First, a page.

A report on the state of the federal cybersecurity workforce released on Wednesday by the nonprofit Partnership for Public Service highlights that there are often good reasons for hiring contractors to fill immediate or short-term hiring needs in the federal government, or when budgetary constraints limit the number of full-time employees an agency can hire. Without an adequate pipeline of talent coming in to fill federal cybersecurity positions, the report states, the response at many agencies has been to turn to contractors to perform sensitive government information technology work, vulnerability analysis, intrusion detection, digital forensics and protocol analysis.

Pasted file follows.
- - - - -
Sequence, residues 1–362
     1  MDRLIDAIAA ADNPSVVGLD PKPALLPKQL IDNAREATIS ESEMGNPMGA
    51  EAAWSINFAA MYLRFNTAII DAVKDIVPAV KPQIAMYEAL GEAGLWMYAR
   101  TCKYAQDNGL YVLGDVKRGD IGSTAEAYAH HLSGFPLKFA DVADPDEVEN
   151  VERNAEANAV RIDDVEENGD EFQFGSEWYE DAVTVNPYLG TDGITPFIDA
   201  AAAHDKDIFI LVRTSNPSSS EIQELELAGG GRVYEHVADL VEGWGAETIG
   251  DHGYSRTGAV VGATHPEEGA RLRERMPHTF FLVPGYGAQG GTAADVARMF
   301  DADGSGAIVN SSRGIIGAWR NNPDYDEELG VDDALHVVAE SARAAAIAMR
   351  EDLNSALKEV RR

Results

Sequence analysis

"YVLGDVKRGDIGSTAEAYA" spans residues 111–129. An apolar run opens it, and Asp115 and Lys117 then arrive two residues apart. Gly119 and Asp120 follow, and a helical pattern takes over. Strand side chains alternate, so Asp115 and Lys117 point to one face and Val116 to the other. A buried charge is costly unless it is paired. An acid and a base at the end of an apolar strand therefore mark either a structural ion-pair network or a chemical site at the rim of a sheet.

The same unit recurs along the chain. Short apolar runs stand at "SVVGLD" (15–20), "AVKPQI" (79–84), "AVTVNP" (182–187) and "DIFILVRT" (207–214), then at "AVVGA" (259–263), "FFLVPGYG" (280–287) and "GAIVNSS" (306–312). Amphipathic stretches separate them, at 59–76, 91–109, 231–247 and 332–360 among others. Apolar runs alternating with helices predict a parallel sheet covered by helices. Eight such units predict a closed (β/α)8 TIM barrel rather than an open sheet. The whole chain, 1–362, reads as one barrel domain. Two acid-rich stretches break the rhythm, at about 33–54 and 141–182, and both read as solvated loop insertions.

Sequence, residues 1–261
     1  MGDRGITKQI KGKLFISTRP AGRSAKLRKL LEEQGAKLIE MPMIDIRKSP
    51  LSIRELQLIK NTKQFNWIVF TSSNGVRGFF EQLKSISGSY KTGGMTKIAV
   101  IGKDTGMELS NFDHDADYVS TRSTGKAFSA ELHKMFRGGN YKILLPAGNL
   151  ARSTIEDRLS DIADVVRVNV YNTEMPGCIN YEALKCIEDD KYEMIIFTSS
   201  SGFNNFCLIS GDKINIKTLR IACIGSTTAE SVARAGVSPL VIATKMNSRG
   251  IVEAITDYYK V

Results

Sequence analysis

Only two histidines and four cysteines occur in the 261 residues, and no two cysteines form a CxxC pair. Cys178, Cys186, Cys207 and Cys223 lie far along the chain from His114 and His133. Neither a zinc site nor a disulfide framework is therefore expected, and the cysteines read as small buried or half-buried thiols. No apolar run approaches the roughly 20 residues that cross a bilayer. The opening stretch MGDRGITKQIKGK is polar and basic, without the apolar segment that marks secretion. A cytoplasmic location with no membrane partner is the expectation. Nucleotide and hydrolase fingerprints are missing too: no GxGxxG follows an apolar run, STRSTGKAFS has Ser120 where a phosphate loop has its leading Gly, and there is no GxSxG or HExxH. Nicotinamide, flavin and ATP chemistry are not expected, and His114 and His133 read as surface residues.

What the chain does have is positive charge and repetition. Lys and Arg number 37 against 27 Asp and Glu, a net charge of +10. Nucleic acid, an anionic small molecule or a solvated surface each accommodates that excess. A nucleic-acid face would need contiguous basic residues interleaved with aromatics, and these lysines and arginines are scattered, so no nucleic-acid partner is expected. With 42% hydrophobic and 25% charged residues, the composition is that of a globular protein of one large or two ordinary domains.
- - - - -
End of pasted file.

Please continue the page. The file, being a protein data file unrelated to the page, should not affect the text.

Still, using contractors is not risk-free, and the key to ensuring success in contracting is having the right talent inside an agency to monitor and manage the work, the report states. Bob Lavigna, vice president for research at the Partnership, said on Tuesday that the government must develop a coordinated, strategic blueprint that addresses many issues affecting the cybersecurity workforce, including the extent to which the government ought to be relying on outsourced work, especially in light of President Obama's goals to reform federal contracting. "We recognize the important role contractors play," he said, "but the challenge is the extent we rely on contractors and how best to manage the contractor workforce."